Do two-stroke engines still exist in cars?

Dear Car Talk

Dear Car Talk | Aug 01, 1997

Dear Tom and Ray:

The first car I drove in 1978 was a Saab with a two-stroke, slant-three
engine. Friends jested that this was a lawnmower engine, because I had
to add a quart of oil to the gas tank every time I filled it up. I took
their remarks as a great insult ... to my lawnmower, which is a very
nice machine.

Do two-stroke engines exist on the planet anymore? My father still owns
this masterpiece. Would you guys refuse to work on it if it rolled into
your shop? And most important, what kind of prayer would you recommend
before shooting it between the headlights? -- Bill

TOM: There are tons of two-stroke engines around these days, Bill.
They're in just about every chain saw, weed-whacker, snowmobile and
gas-powered nose-hair clipper on the planet. But they're not used in
cars much these days, at least not in the United States.

RAY: Two-stroke engines have great advantages. Because every other
stroke is a power stroke (as opposed to every fourth stroke in a common,
four-cycle car engine), two-cycle engines provide a lot of power and
torque in a very small size. That's why chain saws use them. Do you
think Lenny the Lumberjack wants to schlep a 25-pound four-cycle engine
halfway up a spruce tree? I should say not!

TOM: Plus, two strokes have the added advantage of being able to be used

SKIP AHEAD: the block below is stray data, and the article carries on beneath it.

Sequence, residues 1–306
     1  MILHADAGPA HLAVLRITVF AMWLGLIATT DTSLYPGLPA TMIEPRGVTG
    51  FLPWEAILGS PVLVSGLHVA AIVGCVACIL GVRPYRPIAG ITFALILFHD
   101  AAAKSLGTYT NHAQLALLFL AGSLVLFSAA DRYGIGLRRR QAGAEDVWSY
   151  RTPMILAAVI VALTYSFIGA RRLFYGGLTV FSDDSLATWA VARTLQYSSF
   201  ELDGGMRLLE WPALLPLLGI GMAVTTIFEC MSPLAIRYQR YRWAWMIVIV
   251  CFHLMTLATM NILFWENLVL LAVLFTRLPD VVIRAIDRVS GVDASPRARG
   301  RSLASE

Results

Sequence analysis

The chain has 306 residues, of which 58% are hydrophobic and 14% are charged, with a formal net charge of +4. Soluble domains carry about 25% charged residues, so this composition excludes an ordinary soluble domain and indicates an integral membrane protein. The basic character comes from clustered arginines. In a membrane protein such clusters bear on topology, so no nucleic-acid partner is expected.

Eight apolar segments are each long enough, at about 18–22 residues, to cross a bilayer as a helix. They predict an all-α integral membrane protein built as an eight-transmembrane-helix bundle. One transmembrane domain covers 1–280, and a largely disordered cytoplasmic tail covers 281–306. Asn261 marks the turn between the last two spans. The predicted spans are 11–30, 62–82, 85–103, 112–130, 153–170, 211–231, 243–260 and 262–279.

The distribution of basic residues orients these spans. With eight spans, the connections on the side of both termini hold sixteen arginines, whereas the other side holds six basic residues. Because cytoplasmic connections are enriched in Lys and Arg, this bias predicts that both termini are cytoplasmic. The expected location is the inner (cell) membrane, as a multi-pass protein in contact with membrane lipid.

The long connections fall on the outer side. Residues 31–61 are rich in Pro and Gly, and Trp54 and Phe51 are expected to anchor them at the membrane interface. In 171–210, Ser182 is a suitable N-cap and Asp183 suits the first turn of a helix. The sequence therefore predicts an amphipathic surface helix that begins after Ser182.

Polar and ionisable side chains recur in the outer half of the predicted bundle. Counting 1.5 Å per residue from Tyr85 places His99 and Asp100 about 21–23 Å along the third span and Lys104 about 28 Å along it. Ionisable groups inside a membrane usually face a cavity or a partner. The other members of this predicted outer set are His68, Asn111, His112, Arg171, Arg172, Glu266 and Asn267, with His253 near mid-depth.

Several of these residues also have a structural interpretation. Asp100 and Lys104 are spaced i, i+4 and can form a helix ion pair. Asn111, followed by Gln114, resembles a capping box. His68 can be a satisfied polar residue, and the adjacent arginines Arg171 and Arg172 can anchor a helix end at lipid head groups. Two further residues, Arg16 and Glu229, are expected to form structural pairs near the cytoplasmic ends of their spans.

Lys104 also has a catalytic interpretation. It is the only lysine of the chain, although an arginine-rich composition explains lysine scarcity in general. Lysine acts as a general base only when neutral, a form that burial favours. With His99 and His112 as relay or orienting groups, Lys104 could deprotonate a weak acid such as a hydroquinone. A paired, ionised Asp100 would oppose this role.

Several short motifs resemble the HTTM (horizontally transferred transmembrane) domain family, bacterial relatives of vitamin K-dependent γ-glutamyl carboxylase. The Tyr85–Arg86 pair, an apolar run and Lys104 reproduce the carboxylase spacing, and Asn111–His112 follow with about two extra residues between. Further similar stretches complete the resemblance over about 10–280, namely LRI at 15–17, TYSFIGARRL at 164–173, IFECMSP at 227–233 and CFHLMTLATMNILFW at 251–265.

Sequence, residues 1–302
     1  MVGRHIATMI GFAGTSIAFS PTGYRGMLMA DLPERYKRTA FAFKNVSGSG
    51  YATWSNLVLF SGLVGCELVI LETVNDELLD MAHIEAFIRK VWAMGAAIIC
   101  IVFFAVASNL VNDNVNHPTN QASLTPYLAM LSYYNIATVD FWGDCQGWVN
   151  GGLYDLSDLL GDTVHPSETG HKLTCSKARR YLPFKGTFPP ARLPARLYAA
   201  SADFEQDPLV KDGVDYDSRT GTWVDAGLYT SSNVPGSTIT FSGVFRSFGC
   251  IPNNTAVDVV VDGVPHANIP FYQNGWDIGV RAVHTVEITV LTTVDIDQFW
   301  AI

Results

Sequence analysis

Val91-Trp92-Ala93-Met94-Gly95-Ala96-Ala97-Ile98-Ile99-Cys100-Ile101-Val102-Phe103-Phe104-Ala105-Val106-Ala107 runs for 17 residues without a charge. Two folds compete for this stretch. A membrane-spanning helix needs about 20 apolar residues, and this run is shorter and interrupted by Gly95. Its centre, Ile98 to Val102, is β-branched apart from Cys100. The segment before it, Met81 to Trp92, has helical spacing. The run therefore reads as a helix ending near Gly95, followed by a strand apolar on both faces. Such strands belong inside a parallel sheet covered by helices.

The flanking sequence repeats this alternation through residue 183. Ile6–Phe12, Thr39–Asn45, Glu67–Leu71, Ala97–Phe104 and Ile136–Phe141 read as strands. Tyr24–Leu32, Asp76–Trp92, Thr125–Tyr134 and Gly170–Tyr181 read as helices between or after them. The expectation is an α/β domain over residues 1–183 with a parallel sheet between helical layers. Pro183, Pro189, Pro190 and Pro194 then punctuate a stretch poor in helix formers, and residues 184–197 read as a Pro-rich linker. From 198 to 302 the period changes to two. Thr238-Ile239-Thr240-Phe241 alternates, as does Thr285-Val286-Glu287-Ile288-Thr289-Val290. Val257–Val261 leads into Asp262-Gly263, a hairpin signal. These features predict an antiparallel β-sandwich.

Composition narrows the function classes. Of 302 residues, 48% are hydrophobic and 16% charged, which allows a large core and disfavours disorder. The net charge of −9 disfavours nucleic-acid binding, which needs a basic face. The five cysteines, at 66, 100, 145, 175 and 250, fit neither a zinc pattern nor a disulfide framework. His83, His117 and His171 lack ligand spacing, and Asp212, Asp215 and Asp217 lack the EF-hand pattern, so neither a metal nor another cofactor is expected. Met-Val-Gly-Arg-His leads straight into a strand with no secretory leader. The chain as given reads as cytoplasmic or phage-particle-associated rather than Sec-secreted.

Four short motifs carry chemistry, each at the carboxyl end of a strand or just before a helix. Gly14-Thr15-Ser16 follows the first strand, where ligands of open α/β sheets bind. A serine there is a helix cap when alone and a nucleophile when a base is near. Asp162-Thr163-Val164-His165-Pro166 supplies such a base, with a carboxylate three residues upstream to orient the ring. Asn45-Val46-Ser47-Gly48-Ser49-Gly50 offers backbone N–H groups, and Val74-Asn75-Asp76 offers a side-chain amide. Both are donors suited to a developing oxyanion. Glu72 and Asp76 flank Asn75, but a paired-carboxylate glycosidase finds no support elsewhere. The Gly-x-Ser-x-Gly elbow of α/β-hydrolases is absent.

upside down, since they don't have oil-filled crankcases. So as Lenny is
falling backwards out of the tree, he can still prune a few limbs on his
way down.

RAY: The problem with the old two-cycle engines is that they ran very
inefficiently and created a lot of pollution. But in recent years, with
the advantages of all kinds of modern pollution-control equipment that's
been developed since your Saab was built, several major manufacturers
have been experimenting with two-stroke engines. And I suspect someday,
someone will come out with one again, probably in an economy car where
shedding weight is a crucial goal.

TOM: Now, would we refuse to work on a two-stroke Saab if it rolled into
our shop? It would depend on whether or not we had a boat payment due
that week, Bill.

RAY: And for the record, we don't condone shooting a car between the
headlights. That's undignified. When the time comes, we simply recommend
making an appointment at Kevorkian Motors.

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